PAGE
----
As a reader, author, editor, and former teacher, I don't think I have any greater pet peeve than having otherwise well-educated people confuse the objective and subjective uses of the combinations "you and I" and "you and me."
For some reason, an awful lot of people apparently have come to think that it's never appropriate to use the latter of those phrases.
Here is the latest instance of such misuse. It came from the pen of a published author of books and articles, seemingly a successful author, who was writing a blog post designed to help other writers to be successful in their writing and publishing efforts.
"Recently a publisher asked my daughter and I to share crafts on video plus patterns for an online event. . . ."
Now I admit up front that I have no idea whatsoever what "video plus patterns" are, but I do know that the grammar was wrongly used here. How do I know? You can run a simple test. Break that sentence into two sentences, each with a single subject like this:
"A publisher asked my daughter. . . ."
" A publisher asked--I?!"
"Certainly not!" you would immediately object. "No semi-educated person would ever say or write such an obviously incorrect thing! It should be 'A publisher asked ME."
Then why do so many people considered it okay to use it incorrectly when it is used with a compound subject? It isn't okay!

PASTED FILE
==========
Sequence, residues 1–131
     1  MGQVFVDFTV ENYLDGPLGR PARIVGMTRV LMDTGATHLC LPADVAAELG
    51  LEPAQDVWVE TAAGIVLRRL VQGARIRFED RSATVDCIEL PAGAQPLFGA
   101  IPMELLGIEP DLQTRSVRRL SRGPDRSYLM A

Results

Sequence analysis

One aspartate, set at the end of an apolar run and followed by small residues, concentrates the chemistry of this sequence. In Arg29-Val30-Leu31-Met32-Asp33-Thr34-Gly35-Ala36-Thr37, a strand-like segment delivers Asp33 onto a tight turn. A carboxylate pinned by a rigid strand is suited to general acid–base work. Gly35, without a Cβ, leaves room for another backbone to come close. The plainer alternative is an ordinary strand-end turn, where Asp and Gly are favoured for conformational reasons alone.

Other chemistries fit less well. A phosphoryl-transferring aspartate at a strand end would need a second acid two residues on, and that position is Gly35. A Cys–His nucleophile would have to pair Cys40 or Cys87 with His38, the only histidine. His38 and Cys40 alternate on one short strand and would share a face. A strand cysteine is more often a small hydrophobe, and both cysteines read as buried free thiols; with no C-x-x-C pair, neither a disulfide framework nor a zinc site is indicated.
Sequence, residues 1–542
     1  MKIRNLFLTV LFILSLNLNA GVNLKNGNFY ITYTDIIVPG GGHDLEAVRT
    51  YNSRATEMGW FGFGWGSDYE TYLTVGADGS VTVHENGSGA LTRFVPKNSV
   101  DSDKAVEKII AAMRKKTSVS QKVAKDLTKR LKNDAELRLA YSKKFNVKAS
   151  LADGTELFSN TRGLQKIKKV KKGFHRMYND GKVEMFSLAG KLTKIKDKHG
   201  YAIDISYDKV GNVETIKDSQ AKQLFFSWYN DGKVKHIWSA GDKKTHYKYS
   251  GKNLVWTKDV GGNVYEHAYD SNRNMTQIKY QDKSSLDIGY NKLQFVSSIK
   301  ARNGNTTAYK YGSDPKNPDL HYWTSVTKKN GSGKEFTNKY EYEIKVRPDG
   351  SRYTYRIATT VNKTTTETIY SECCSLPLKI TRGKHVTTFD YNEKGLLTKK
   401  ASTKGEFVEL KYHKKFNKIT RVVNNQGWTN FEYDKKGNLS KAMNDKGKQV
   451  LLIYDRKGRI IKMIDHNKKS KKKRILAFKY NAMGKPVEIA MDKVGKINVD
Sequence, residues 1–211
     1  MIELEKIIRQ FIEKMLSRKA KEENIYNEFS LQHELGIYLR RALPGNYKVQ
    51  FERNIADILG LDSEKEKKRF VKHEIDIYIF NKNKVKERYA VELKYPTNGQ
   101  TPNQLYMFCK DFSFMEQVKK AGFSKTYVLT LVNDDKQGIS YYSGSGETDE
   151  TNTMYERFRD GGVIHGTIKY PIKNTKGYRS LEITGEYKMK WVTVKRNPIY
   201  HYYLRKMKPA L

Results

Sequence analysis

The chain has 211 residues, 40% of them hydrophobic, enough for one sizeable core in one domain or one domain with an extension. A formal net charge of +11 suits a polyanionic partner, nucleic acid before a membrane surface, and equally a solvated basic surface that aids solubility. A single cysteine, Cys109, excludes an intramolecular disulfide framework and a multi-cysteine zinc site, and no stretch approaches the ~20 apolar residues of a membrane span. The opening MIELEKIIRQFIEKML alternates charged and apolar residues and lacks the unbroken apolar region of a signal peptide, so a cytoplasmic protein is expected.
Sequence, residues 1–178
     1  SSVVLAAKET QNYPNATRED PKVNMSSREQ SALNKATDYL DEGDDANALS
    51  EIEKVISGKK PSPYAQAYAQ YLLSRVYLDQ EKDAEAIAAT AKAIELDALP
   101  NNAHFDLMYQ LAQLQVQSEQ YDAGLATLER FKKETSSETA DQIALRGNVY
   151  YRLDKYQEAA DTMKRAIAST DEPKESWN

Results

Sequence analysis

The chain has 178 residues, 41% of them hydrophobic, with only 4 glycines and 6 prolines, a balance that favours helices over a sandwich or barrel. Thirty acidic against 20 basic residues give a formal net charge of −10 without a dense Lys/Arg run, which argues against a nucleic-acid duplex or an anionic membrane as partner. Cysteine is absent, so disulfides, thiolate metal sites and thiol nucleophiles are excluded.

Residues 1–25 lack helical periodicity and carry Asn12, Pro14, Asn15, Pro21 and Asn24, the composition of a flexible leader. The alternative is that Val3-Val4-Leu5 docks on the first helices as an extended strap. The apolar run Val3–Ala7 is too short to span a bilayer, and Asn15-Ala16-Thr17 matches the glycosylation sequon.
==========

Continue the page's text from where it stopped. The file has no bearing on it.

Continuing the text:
In this example, we have a compound subject--the daughter and the author. Using I instead of me shows that the author is confusing the object for the subject.
If this issue is a problem for you (and I dare say it sometimes is), run the simple test I used before you speak or write. If you do, learning the correct way is actually very easy, and you'll seldom make the same mistake again.
Whenever I've dared to point out this error to someone, I often received this dismissive response: "Oh, the editor will correct it. After all, isn't that his or her job?"
That's an unprofessional attitude. Rather, you should be doing your dead-level best to make the editor's job as easy as possible, not to expect the editor to clean up the messes that you could easily avoid making if you applied a little more thought to the writing task.
My reaction upon finding such egregious grammatical errors in a blog, article, or book is to question whether the speaker or author is also as careless about other things, perhaps even his or her main points or factual details. It's sort of like a situation I encountered as an editor.
The author of a technical project proposal wrote that a certain air strip had a grass runway. I, however, lived in the community where the airfield in question was located, and I passed it twice every day going to and far work. I knew that it had an asphalt-paved runway, so I changed the manuscript to reflect that reality. When I got the author-reviewed manuscript back for proofing, he had changed it back to a grass strip. Again I changed it to asphalt. And again he planted grass on it! After several go-arounds and conferences about the issue, I finally let his error stand. After all, it was his contract to lose, not mine. But it made me wonder if he was as careless and inaccurate in his technical specifications and cost estimates as he was in his knowledge of that airstrip. If I had been the one awarding the contract, his proposal most assuredly would not have been the winner!
Do you want to be taken seriously as a writer? Then get the "little" things right. And that could be something as seemingly insignificant as the correct or incorrect usage of "you and I" and "you and me."